Heading into today, we expected the bond market to ignore potentially stronger Retail Sales data.  Not only did bonds overlook the big beat (9.8 vs 5.9 f’cast), but they actually rallied in response.  This was made all the more remarkable by the presence of 3 other better-than-expected economic reports that came out at the same time.  So what’s driving the gains?  That’s a long story, including technicals, corporate bonds, overseas tradeflows, and the general front-running of post-covid Treasury range.

As far as overseas flows are concerned, much has been made of Japan’s heavy participation in US debt.  While the participation is nothing new, the narrative of “heavy selling” in March was quite prevalent in certain circles.  The theory was that Japanese investors were drastically lightening up on US debt as a part of the country’s fiscal year-end process, and that we might have hoped to see a reversal of that dynamic in April.  So now that April is off to a great start for bonds, is it all thank to Japan?

Maybe!  It’s true that Japan sold bonds in extreme fashion recently, but it was in February, not March.  The following chart shows the last year of net long-term foreign bond purchases.  The most recent bar represents last week (the first full week of April), in which Japanese investors bought a net $15.8 bln in foreign long-term debt.

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Notably, Japan has been a net buyer for the past 4 weeks.  Incidentally, this is about the same time that Treasury yields leveled off.  While I would contend that last week’s Treasury rally should have been bigger if Japanese tradeflows were the key driver of US rates, the correlation with general momentum can’t be denied.  It will be interesting to see how Japan’s weekly report comes out next Thursday in light of this week’s sharper gains.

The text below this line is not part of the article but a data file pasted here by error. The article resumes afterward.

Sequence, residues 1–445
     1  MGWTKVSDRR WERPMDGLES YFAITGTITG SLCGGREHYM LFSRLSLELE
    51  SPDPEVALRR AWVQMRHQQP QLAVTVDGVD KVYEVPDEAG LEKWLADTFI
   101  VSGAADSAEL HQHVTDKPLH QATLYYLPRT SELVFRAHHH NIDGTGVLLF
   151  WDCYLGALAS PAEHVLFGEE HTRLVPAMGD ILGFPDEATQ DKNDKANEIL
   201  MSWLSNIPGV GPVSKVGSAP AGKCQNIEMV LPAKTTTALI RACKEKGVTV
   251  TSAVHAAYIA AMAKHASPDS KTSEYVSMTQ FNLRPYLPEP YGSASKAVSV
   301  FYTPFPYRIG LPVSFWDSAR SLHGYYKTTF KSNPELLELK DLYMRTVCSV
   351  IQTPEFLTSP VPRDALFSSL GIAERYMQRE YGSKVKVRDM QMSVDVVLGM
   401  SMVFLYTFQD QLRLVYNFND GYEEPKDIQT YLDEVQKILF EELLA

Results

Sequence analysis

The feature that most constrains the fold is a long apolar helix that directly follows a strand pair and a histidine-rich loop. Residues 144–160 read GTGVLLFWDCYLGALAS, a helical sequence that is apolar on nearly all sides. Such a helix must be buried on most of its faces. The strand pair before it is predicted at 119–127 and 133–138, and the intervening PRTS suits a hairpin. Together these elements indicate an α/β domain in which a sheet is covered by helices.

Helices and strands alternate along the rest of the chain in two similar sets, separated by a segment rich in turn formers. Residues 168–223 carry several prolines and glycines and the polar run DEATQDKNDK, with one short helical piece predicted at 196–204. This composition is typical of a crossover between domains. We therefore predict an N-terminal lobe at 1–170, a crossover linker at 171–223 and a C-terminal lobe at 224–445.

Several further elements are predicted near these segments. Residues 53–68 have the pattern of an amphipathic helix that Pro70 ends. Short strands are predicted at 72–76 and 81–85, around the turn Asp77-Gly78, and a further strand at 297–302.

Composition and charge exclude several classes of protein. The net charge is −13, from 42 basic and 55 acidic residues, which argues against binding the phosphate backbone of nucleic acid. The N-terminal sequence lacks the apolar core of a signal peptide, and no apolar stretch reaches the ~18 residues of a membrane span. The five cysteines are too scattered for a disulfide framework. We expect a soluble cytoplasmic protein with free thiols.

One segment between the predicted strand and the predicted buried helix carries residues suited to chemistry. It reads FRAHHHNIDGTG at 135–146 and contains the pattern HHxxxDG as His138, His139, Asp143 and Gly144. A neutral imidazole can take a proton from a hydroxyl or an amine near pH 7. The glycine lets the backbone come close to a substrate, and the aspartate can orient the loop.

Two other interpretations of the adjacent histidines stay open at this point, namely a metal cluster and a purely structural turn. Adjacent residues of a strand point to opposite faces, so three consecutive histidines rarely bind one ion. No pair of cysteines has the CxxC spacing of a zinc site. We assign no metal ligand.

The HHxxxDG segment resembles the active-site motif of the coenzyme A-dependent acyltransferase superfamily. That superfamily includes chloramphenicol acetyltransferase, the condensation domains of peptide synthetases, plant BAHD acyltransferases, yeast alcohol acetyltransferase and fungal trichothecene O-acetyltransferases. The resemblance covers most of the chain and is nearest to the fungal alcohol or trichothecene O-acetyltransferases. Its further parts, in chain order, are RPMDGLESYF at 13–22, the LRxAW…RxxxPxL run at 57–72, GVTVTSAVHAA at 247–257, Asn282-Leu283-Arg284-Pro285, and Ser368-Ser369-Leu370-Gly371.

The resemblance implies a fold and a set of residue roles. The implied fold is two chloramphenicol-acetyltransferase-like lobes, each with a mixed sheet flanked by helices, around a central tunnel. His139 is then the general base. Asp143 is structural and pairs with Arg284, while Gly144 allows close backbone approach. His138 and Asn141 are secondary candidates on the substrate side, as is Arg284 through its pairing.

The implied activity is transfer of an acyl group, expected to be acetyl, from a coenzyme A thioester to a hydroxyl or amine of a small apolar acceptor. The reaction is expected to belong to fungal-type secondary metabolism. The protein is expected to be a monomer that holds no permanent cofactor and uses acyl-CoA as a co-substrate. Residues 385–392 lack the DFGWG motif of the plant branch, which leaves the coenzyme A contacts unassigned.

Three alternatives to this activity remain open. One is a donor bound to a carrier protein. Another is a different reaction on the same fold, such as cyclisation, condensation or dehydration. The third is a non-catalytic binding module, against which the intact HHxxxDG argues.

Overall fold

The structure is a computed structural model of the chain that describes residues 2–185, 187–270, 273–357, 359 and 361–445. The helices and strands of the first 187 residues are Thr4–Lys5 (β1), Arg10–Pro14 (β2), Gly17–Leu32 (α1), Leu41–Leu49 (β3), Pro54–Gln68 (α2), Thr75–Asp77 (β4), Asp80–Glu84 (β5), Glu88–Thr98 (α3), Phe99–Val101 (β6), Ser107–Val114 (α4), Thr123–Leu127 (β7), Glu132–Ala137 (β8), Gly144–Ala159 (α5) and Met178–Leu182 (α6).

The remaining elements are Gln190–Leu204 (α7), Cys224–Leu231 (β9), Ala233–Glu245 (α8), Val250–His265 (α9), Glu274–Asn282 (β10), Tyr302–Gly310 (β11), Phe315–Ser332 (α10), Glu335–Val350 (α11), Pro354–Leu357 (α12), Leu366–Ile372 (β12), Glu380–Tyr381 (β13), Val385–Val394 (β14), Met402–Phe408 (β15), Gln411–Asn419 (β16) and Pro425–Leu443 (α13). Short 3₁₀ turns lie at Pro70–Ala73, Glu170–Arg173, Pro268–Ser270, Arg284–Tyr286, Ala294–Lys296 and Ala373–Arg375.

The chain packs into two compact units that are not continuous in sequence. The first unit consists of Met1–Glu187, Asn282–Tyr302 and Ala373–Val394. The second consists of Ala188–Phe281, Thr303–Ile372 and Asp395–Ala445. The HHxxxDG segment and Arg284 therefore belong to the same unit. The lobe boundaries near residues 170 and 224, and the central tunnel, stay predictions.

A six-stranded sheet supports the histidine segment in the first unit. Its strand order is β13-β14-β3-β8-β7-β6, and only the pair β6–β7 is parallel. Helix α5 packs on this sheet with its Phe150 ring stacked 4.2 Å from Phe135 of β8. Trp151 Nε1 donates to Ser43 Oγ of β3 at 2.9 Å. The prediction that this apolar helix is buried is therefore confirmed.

In terms of key levels, 10yr yields are currently breaking through the 1.585 floor.  That’s the best thing that’s happened to bonds in a long time.  The next major pivot point (and a target for many of those calling for additional gains) is 1.50%.  That’s not a promise that we’ll get there–simply that, if we do get there, traders are likely to heavily reassess their bullish leanings.

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By Matthew Graham , dated 2021-04-15 10:19:27

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Courtesy of Mortgage News Daily

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